Telling people to ‘drink plenty of fluids’ when unwell could be dangerous, doctors have warned.
Experts at King’s College Hospital in south London questioned the recommendation after treating a 59-year-old woman who drank so much water that she became gravely ill.
The woman, who is not named, overdosed on water after developing symptoms of a urinary tract infection.
For sportsmen like England cricketer Ben Duckett (left) rehydration is important but it is possible to overdo the drinking of water
She recalled being told by a doctor previously to drink lots of water – half a pint every 30 minutes – though she said she thought in this case, she had consumed more to ‘flush out her system’.
The woman was admitted to A&E, where doctors found she was suffering from dangerously low levels of salt in her blood.
This can occur if too much water is drunk over a short period of time.
Symptoms include nausea, vomiting and headaches. In serious cases, the brain can swell, which can lead to confusion, seizures, coma and death.
A death rate of almost 30 per cent has been reported in patients with abnormally low salt levels.
Writing in the journal BMJ Case Reports, doctors said there was little evidence to know how much water is too much.
They described how their patient woman got worse after she arrived in hospital, writing: ‘During her visit to the emergency department, she became progressively shaky and muddled. She vomited several times, was tremulous and exhibited significant speech difficulties.’
Doctors were able to save the woman’s life with treatment including restricting her fluid intake to a litre over the next 24 hours, but they said on another occasion a young woman suffering from gastroenteritis died after consuming too much water.
The patient, writing of her own experience in the same journal, said: ‘I lost 24 hours of my life when a simple UTI, or rather my actions in response to it, took over my life.
‘I remember seeing my hand in front of me shaking rather violently and I wondered why I could not stop it, then realised that my whole body was shaking.’
She spent 24 hours in hospital – long stretches of which she cannot remember – before she was discharged.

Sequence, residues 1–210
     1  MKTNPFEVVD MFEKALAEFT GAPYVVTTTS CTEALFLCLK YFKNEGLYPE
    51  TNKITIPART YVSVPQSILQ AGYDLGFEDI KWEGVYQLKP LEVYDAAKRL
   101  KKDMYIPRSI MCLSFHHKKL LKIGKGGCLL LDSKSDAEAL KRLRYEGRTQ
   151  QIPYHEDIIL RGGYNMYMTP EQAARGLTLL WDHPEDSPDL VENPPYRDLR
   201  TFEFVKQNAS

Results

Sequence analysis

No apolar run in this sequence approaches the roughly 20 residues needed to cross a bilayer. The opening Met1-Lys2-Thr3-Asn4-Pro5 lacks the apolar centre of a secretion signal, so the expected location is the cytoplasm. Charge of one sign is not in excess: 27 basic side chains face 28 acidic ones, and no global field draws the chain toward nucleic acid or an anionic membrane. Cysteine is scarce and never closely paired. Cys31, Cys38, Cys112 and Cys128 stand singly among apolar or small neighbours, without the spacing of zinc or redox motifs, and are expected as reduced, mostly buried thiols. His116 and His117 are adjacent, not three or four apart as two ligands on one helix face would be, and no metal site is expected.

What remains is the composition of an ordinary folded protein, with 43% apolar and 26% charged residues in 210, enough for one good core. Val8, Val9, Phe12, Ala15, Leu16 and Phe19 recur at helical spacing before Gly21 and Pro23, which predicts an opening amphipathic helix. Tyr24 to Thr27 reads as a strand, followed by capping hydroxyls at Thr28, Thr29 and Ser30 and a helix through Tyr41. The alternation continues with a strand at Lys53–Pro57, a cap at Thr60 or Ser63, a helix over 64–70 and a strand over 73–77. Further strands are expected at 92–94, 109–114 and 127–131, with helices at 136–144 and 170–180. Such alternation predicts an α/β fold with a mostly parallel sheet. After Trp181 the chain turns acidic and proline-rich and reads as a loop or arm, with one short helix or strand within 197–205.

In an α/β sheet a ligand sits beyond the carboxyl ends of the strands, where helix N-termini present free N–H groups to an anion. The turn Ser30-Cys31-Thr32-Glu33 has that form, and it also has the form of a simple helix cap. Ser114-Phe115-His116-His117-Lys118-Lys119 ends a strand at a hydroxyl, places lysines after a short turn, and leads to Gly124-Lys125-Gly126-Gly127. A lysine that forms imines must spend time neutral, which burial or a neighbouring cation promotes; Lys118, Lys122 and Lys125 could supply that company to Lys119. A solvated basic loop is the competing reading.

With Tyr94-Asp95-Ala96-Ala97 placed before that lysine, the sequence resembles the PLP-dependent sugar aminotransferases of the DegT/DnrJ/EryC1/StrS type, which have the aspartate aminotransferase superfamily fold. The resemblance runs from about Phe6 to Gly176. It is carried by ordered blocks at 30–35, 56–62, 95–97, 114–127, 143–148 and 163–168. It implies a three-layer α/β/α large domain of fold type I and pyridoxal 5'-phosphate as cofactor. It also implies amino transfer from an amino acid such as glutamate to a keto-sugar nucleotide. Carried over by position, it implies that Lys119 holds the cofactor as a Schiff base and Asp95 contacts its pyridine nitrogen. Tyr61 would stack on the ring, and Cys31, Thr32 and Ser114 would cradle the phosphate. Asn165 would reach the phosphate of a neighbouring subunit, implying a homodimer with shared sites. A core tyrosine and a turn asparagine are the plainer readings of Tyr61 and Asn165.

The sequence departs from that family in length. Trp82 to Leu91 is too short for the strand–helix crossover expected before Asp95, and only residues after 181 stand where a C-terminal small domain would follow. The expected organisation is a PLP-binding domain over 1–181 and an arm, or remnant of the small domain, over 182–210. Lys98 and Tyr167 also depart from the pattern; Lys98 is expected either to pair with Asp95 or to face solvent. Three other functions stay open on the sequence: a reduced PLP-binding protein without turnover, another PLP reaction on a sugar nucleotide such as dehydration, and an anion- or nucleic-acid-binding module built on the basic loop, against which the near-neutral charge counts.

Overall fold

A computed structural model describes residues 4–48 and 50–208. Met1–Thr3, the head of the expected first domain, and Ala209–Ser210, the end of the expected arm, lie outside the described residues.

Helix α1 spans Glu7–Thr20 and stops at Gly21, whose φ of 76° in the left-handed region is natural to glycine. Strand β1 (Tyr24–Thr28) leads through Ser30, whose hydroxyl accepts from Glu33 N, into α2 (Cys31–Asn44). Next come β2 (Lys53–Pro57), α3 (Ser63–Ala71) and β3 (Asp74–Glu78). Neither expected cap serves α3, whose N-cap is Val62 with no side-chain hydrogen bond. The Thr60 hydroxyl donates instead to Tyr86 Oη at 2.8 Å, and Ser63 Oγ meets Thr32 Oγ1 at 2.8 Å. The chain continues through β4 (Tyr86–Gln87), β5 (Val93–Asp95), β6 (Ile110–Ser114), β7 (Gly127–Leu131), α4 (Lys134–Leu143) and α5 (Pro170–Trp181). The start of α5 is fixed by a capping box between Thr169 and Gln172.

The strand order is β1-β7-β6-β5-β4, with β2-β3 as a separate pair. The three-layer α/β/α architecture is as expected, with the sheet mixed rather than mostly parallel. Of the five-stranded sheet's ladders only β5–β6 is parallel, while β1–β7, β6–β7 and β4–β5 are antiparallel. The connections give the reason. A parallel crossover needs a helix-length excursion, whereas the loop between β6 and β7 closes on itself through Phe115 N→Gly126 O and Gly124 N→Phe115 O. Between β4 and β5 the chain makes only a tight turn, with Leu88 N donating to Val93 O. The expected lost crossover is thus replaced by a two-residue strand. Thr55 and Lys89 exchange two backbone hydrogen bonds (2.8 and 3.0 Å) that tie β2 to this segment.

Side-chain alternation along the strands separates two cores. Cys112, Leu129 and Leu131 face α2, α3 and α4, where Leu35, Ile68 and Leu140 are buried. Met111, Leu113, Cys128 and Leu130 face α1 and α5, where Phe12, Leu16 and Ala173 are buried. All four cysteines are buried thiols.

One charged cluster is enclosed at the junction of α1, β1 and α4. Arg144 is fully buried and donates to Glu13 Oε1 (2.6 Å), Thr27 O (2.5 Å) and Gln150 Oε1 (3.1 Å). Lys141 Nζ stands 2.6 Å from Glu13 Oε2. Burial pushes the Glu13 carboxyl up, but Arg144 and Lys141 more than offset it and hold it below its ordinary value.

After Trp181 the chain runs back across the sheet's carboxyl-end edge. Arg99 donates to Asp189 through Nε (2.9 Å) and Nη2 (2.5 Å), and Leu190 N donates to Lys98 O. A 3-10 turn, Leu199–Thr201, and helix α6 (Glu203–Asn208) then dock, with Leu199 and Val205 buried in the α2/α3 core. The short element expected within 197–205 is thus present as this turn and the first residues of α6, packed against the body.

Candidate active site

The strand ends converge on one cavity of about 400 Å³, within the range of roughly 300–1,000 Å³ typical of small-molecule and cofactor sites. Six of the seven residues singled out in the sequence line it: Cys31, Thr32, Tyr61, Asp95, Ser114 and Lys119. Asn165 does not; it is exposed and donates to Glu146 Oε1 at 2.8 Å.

‘It took about a week to feel ‘normal’ again and if I am honest I think I was tired for at least another week,’ she wrote.
People who take the drug MDMA and those taking part in endurance sports are also at risk of very low salt levels.
The doctors – Dr Laura Christine Lee and Dr Maryann Noronha – wrote: ‘We frequently advise our patients to ‘drink plenty of fluids’ and ‘keep well-hydrated’ when they are unwell.
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‘But, what do we mean by that? Are there potential risks of this apparently harmless advice?
‘As demonstrated here, the harmful effects of increased fluid intake include confusion, vomiting and speech disturbance, and potential for catastrophic outcomes due to low blood sodium concentrations.’
They concluded: ‘There is a paucity of evidence behind the advice to “drink plenty of fluids” in the management of mild infective illness.’
But Dr Imran Rafi, chairman of clinical innovation and research at the Royal College of GPs, said: ‘Drinking enough water is important in keeping healthy, both physically and mentally, and patients should keep their fluids up when unwell, particularly in conditions that can cause dehydration.
‘We would encourage patients to drink more if they have symptoms of dehydration, such as feeling thirsty – including in hot weather or when exercising – or passing dark-coloured urine. There is no steadfast recommendation as to how much water people should drink in order to stay healthy, but the key thing is to keep hydrated – and passing clear urine is a good indication of this.
‘This case report highlights that excessive water intake can have important consequences for patients, and this is something that healthcare professionals, and patients, should be mindful of.’